By John D. Pierce

Though both Georgia boys who attended seminary at the same time and place, Tony Cartledge and I didn’t get acquainted until we both backed into second or third careers. (Tony taught school briefly before becoming a pastor.)

Though latecomers to the news business we discovered new gifts and many colleagues willing to teach us the ropes. But after a few years of settling into these new careers it was obvious that the continuing rise of fundamentalism would mean neither of us would retire from the Baptist state conventions that employed us.

That reality hit Georgia Baptists ahead of North Carolina Baptists. So my move to Baptists Today (now Nurturing Faith) kept me doing similar work but with the independence needed for honest journalism.

Once, while sharing a hotel room in Washington, D.C., at a meeting we both attended, I casually mentioned to Tony that if/when he makes another career move we should talk about his writing future. Ink gets in a writer’s veins.

He replied that he probably had a couple of more years before restrictions on editorial freedom would reach his desk. With more than two decades of pastoral ministry and a Ph.D. in Hebrew Scriptures from Duke University, I knew he had plenty of vocational options.

His two-year prediction of departure moved up to two months when offered a teaching position at Campbell University Divinity School, a reasonable rural drive from Tony’s home in Apex, N.C. He called to see if I still wanted to talk about doing some work together.

When I said, “Yes, definitely,” Tony had already identified a spot in Columbia, S.C., that was mid-point between his home and mine in Macon, Ga. Within days we settled into a Fuddruckers there to explore the possibilities.

The historic newspaper of Tarheel Baptists, Biblical Recorder, was a certain target of fundamentalist leaders. So we explored the idea of Tony writing North Carolina-based stories for Baptists Today — and possibly even creating a state edition.

As has been the case during my 17 years as editor of this autonomous, national news journal, my vision preceded the needed funding. Yet we left that scene where hamburgers were consumed and envisioning had occurred with a plan that was warmly received by our Board of Directors and the others needed to make it happen.

Executive Coordinator Larry Hovis and other leaders of the Cooperative Baptist Fellowship of North Carolina embraced the idea and have been a valued collaborator ever since. Churches throughout North Carolina increased their subscriptions to the point that approximately 30 percent of the publication’s circulation receives the state edition.

But there was more shifting to come — as flexibility is highly valued in a time of changing denominational life amid a changing culture. The biggest change came as result of a redesign of the news journal in 2010.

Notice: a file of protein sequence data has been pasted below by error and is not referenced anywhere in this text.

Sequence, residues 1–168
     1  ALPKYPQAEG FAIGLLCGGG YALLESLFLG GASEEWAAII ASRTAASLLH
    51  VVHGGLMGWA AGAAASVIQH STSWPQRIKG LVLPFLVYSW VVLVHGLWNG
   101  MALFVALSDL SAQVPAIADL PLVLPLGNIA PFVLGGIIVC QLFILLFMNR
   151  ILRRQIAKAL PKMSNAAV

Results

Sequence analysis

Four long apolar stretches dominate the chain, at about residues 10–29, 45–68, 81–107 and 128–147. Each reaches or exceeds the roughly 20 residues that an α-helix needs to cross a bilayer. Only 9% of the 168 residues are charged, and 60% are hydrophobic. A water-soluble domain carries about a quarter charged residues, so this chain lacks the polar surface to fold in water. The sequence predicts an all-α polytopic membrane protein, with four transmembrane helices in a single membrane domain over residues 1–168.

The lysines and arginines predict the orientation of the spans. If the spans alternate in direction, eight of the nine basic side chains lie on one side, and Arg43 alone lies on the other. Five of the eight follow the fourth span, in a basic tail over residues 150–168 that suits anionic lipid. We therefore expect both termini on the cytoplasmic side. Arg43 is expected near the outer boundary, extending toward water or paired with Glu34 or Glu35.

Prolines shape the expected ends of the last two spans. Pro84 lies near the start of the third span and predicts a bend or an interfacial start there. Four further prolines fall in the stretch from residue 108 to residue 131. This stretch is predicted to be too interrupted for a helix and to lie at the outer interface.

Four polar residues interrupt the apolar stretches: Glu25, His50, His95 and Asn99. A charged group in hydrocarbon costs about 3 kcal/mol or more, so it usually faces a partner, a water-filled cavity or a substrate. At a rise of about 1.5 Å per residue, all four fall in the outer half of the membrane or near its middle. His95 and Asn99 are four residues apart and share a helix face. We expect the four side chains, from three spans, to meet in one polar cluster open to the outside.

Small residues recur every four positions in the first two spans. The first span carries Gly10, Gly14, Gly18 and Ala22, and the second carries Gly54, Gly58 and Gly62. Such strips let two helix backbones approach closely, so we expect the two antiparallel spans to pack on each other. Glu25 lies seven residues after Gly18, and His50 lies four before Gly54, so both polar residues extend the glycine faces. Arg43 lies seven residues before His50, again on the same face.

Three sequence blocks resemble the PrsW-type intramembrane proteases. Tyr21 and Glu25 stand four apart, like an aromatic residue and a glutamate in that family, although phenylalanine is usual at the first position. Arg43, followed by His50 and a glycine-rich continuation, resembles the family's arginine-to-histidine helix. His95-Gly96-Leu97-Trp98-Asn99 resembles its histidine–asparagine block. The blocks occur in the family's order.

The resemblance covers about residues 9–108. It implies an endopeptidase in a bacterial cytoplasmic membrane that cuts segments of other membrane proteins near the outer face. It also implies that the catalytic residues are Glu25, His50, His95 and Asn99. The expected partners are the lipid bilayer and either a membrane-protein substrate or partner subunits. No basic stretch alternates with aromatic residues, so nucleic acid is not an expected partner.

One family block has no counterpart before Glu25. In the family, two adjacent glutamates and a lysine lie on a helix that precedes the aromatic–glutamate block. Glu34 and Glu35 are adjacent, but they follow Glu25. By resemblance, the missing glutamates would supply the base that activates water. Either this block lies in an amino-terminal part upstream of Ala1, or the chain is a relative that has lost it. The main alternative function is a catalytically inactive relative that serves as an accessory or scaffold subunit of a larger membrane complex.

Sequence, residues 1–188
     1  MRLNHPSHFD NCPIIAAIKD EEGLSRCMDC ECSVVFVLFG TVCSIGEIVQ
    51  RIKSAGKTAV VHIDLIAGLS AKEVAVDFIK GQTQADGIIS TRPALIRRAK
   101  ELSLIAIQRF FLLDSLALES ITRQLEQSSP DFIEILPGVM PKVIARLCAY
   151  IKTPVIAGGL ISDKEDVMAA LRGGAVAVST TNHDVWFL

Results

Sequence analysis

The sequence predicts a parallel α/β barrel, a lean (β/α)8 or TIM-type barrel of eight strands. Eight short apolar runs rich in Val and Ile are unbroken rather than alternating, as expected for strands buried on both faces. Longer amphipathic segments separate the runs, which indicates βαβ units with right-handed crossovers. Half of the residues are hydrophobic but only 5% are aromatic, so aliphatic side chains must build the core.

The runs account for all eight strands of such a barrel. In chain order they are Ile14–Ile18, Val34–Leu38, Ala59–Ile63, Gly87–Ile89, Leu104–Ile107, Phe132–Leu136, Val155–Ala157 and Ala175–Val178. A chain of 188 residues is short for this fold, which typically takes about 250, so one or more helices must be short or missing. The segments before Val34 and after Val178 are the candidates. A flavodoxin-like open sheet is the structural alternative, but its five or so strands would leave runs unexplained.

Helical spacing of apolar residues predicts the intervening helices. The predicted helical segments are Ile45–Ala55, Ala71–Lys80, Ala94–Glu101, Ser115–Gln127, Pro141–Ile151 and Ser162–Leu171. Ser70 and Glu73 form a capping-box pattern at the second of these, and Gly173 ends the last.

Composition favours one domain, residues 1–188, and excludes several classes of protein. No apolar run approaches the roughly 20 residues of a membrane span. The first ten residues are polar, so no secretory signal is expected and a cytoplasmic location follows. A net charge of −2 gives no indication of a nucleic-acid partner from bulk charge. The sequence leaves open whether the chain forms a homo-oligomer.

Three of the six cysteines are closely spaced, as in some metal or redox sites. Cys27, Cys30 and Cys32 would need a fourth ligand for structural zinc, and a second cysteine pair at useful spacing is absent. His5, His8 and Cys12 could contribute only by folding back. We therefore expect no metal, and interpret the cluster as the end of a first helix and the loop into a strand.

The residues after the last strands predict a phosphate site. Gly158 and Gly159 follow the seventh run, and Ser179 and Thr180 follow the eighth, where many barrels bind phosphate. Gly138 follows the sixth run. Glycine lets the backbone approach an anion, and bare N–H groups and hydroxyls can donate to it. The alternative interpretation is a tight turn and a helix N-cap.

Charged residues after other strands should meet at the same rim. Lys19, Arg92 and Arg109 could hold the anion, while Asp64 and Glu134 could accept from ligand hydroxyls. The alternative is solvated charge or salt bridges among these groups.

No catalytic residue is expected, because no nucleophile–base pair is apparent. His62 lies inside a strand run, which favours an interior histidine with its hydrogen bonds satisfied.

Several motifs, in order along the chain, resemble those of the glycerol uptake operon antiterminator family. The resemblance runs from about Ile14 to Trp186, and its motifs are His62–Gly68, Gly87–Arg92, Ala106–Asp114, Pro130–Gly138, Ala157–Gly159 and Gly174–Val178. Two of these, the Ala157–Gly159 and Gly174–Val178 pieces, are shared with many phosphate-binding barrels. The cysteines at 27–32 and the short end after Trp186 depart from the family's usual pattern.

While serving as interim pastor of First Baptist Church of Chattanooga, Tenn., that year, I would greet members as they arrived for Sunday school. I noticed that each class seemed to be using a different curriculum.

One of our Baptists Today directors, Kathy Richardson, a journalism professor turned provost and now a college president, was conducting a reader’s survey at the time. I asked that she include a few questions regarding Bible study curriculum used and who makes the decision.

A resulting idea arose: What if we put a Bible study within the news journal (instead of commentary on another curriculum line) that is scholarly but applicable, follows lectionary texts to treat a larger swath of the Bible and connect with worship, and is written by Tony — the best Bible study writer I’ve known?

To my great joy, I caught Tony in a weak moment and he agreed to take on this task and shift (and enlarge) his work.

On the large sheet of paper where I was sketching out the new design, I penciled in: “Nurturing Faith Bible Studies by Tony Cartledge.” The words “Nurturing Faith” came out of nowhere, but seemed to fit well — and were later trademarked and eventually became the brand of all that Baptists Today, Inc., does including books and experiences.

It would be impossible to overstate all that Tony has contributed, and continues to do so, over the past 10 years to enhance the ministry of Nurturing Faith, or to express the deep appreciation I, and so many others, have for him.

Tony does far more than he is assigned. In addition to the superb weekly Bible studies and online teaching resources, he blogs regularly, writes other articles, proofreads each issue, and compiles previous studies (along with newly-written lessons) into the short-term Nurturing Faith Bible Study Series books. He also leads experiences to Israel and the West Bank along with other places.

An editor could not ask for anything more in a colleague who is so competent, so willing and such a good friend. And one who never, ever, ever misses a deadline!

So thanks for all you do, Tony. Here’s to another decade of informing and inspiring so many of us.

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